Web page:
The survey found that nearly one-in-two parents 48 percent would consider offering a monetary incentive to an educational institution to accept their child.
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But there is some disconnect between couples, as men 60 percent are more likely to take this action than women 35 percent. When couples were asked whether they would pay for answers to a standardized test to help get their child into a good school, fathers 68 percent again were more likely to bend the rules than mothers 32 percent.
The study also showed that while men 70 percent are more likely than women 48 percent to reward their child with money, women are twice as likely to say that their love for their child would sway their money decisions 23 percent of women versus 12 percent of men.
Meanwhile, men 16 percent were more likely to say their spouse would influence their money choices. To learn more about the survey data and managing money with a partner, please visit www.
The online fieldwork occurred between July 2, to July 10, A total 1, completes were gathered in the U. Data have been weighted by age, gender and region to reflect the population. Although no one really knows what Beethoven was trying to express with this piece, this program suggests that his passion for the ideals of freedom and brotherhood fueled his Fifth Symphony.
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In this scenario, dark matter emits dark photons, which are relatively massive particles. This means they have effects over only a short range, quite unlike their light-bearing counterparts.kejofyhopo.gq
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But occasionally, a dark photon could interact with a regular photon, changing its energy and trajectory. This would be a very rare event; otherwise, we would've noticed something funky going on with electromagnetism long ago.
So, even with dark photons, we wouldn't be able to see the dark matter directly, but we could sniff out the existence of the dark photons by examining gobs of electromagnetic interactions. In a tiny fraction of those gobs, a dark photon could "steal" energy from a regular photon by interacting with it. But like I said, we need gobs of interactions. It just so happens that we've built giant Machines of Science to produce exactly that, so we're in luck.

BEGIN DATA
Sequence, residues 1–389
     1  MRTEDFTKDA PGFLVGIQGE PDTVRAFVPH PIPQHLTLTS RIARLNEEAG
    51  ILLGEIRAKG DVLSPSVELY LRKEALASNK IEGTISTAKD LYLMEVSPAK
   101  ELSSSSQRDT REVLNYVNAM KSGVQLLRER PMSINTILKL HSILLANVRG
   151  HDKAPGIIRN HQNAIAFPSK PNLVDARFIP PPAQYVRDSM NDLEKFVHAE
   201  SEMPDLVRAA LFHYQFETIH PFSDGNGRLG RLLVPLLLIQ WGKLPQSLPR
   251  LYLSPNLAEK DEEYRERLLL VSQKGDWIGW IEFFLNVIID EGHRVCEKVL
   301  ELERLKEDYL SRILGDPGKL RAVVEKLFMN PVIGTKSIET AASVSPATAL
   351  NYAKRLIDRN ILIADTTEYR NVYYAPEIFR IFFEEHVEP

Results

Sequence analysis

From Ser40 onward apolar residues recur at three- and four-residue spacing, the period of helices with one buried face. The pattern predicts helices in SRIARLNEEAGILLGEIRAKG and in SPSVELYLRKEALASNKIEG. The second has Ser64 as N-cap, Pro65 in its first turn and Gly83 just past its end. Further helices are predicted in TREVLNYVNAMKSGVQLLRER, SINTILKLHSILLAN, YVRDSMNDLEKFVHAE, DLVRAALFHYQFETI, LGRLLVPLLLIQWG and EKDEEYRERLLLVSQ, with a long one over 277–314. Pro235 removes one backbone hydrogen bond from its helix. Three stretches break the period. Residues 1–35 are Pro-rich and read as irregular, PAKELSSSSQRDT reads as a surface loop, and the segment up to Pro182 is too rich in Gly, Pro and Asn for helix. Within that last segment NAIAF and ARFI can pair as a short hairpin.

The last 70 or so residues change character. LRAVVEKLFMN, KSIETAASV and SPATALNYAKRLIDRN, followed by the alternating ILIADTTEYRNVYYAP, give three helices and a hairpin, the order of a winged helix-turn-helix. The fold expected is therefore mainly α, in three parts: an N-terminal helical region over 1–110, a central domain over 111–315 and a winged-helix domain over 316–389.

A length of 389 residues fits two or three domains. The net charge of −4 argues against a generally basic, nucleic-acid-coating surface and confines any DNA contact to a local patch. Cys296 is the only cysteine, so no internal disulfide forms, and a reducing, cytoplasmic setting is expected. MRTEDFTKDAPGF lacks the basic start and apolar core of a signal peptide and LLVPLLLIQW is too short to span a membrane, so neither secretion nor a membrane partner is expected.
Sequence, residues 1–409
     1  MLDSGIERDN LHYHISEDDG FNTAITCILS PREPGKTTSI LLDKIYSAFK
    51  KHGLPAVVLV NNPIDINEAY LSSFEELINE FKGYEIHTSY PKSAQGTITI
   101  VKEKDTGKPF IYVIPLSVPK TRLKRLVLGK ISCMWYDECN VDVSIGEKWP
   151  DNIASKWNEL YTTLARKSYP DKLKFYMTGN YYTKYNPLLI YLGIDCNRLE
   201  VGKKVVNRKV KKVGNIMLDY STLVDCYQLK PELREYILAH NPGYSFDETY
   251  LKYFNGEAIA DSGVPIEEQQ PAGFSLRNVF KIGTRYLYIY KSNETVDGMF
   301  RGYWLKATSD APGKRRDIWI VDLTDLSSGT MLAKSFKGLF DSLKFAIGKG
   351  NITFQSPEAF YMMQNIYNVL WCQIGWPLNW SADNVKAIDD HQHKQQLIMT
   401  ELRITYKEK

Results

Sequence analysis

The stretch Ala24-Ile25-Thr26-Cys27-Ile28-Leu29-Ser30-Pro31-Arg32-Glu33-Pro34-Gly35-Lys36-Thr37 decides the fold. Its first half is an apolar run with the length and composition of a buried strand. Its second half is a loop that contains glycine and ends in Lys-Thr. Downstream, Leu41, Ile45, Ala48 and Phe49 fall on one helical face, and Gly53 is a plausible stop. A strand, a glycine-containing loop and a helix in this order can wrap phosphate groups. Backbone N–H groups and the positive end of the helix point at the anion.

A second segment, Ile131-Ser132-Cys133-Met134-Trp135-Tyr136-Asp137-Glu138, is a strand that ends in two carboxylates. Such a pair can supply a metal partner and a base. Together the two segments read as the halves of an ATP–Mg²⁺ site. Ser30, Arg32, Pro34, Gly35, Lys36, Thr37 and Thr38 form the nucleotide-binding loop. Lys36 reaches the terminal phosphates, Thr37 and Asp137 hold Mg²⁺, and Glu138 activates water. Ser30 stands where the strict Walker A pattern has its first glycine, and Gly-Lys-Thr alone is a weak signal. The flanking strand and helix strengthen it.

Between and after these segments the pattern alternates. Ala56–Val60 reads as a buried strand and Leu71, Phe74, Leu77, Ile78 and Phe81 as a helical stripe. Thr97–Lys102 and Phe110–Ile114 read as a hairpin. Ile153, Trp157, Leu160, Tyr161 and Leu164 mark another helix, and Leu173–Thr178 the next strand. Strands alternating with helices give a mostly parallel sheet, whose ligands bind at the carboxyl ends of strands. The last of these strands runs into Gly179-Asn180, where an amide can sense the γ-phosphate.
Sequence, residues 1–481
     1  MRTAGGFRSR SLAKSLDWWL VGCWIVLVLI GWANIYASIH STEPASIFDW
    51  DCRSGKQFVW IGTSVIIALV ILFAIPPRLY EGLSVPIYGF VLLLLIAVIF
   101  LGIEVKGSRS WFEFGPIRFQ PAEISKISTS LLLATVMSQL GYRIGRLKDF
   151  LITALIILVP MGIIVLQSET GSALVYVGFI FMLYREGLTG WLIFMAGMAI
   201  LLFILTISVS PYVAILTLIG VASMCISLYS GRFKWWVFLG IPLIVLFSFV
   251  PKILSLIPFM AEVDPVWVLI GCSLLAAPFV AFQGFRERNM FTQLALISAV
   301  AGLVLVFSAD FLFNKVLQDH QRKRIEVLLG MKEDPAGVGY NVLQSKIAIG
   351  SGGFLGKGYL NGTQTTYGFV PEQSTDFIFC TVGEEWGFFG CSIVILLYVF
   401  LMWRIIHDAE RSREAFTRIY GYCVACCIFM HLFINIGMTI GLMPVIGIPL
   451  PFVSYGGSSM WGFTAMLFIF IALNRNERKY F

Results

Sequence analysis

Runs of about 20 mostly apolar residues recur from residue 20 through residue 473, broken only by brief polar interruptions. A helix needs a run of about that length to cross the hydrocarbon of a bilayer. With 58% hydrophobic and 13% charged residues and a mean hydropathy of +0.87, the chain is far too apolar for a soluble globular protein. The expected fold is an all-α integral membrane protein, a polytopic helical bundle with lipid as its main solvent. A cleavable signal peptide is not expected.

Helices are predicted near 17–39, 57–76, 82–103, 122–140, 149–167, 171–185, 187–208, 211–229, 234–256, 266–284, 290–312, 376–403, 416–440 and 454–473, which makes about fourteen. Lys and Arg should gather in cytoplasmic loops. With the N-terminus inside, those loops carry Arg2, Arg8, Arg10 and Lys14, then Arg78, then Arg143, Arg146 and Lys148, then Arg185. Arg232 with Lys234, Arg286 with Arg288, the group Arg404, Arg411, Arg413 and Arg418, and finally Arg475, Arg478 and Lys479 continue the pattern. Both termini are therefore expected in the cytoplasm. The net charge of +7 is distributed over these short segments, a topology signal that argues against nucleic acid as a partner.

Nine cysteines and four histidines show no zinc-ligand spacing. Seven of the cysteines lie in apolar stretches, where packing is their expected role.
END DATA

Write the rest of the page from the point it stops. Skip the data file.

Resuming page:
In the arXiv paper, physicists reported their results after examining three years' worth of data from the Super Proton Synchrotron, the second-largest particle accelerator at CERN. For this experiment, the scientists smashed the protons against the subatomic equivalent of a brick wall and looked at all the pieces in the aftermath.
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In the wreckage, the researchers found electrons — lots of them. Over the course of three years, scientists counted over 20 billion electrons with energies over GeV. Because electrons are charged particles and like to interact with each other, the high-energy electrons in this experiment also spawned a lot of photons. If dark photons exist, then they should sometimes interact with and steal energy from one of the regular photons, a phenomenon that would show up in the experiment as a lack of light. This search for dark photons came up empty — all normal photons were present and accounted for — but that doesn't entirely rule out the existence of dark photons.
Instead, it places limits on the allowable properties of these particles. If they do exist, they would be low energy less than a GeV, based on the results of the experiment and would only rarely interact with regular photons. The search for dark photons continues, however, with future runs of the experiment set to home in even further on this proposed creature of the subatomic world. Paul M.